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See my new thread on this in the 'Young Earth vs Old Earth' forum.

Fred

#66 ikester7579

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Posted 19 January 2007 - 02:41 AM

When molten lava and cold water come together, the lava congeals and becomes volcanic rock. So, if oil is assumed to have been formed on the seaground, heated by volcanic activities, oil deposits should always be found in combination with volcanic rock.


Do you know how a diesel engine ignites it's fuel? A diesel engine is what's called a compression ignited engine. It compresses the air from a ratio 14:1 to as high as 25:1. Gasoline engines have 8:1 to as high as 14:1. Compressing air (the diesel engine) to this much compression, makes the air molecules rub against one another and cause enough heat to melt lead. At the precise moment, the diesel fuel is injected, and ignition takes place.

http://auto.howstuff....com/diesel.htm Notice in the flash animation how compressed air affects the measured heat. The more the air is compressed, the hotter it becomes.
http://iemt.git.ualr.....ssed air).htm

Why is this important? Pockets of oil and water are always found with some air (pockets of air trapped). So when air is compressed to 1920 atmospheres (1920:1 compression) during the flood. How hot do you think this compressed air got?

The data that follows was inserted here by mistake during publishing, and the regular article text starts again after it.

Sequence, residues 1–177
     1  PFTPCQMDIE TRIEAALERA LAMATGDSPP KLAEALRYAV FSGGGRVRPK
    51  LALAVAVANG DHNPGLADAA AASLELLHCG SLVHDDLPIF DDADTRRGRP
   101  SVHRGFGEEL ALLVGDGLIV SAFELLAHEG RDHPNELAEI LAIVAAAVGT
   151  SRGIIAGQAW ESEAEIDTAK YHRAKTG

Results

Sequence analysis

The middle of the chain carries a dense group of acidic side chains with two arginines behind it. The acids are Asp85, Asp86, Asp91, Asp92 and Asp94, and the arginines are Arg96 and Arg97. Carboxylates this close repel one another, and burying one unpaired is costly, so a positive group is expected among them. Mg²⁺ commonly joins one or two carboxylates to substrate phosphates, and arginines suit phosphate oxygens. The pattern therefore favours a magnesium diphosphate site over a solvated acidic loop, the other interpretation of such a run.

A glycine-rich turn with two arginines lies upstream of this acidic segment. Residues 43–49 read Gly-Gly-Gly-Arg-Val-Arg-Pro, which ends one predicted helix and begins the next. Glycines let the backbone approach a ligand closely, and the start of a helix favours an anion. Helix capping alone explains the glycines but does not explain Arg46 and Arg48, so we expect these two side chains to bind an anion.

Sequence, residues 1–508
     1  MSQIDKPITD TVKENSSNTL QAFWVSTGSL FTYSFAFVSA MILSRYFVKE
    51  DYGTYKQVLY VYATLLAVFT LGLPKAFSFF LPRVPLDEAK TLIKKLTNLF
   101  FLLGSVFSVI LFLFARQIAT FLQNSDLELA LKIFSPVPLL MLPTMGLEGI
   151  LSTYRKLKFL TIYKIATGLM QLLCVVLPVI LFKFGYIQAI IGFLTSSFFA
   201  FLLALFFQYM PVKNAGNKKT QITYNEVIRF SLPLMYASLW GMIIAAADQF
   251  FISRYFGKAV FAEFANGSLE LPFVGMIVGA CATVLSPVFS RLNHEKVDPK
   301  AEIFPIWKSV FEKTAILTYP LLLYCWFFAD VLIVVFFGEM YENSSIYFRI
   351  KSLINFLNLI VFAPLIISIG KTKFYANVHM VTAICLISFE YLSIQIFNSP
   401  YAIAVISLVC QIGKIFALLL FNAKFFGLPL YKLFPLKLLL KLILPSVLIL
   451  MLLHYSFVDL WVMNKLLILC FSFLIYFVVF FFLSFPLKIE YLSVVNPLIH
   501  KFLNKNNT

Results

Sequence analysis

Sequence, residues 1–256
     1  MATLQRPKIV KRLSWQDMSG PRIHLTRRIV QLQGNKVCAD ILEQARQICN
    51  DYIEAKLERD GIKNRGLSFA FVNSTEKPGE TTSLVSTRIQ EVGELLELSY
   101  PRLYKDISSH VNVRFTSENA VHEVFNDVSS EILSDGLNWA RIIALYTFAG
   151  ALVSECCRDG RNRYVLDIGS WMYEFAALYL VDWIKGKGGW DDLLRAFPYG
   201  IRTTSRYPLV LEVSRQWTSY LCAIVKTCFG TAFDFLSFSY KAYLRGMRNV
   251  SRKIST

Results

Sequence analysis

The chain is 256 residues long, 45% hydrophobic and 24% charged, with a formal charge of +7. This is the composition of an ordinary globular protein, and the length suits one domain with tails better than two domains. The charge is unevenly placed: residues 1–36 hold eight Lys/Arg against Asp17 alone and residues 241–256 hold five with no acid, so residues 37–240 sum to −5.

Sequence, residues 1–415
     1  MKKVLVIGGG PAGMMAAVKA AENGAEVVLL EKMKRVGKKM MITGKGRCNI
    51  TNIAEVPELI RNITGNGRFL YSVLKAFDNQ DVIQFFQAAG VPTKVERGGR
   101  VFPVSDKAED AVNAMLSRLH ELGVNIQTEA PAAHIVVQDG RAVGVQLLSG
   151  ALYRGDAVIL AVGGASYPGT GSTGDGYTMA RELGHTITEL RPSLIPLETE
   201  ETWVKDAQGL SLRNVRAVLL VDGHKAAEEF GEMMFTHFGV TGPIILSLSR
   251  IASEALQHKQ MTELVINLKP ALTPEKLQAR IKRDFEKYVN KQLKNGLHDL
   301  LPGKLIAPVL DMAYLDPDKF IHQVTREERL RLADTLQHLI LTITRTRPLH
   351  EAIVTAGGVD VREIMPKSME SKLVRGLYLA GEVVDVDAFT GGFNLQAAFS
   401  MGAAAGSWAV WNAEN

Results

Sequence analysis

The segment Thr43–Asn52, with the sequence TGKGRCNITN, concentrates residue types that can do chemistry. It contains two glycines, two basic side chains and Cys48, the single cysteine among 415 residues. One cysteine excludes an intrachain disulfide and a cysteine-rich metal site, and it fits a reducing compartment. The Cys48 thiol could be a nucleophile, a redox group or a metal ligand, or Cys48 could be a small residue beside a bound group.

Considering that the air to biomass ratio was probably a 100 to 1, if not more. There was a lot of biomass this heat could be transferred to. So this would keep the temperature at a certain level. Plus the heat also transfers to the surrounding rock, and dirt layers, which would also act as a insulator maintaining the heat. So the heat from the compressed air cooks the biomass into oil in just a matter of hours, or days.

Why, I have no reason to look into how they produce oil from organic waste in one day. I don't doubt that this is possible and I actually think this might be a good way to replace fossil fuel. I only have severe doubts that this rapid formation of oil happens anywhere outside a lab or a factory, because the necessary circumstances (anaerobic conditions, high pressure and the high temperature) don't just spring up and also could not have been produced by a worldwide flood.

@C-14: Well, I don't really know how this method works and what problems it poses. Perhaps I should get some information about it.

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This is because you refuse to research anything that might point in the direction of a Creator. Or a young earth. Your comment here, as to why you won't look in that direction, confirms this because it's your opinion, and not scientific. Or would you like to convince me scientifically (with evidence) that oil could not form rapidly anywhere outside a lab. Or would you rather stick to the unscientific reason as to why you won't look into it?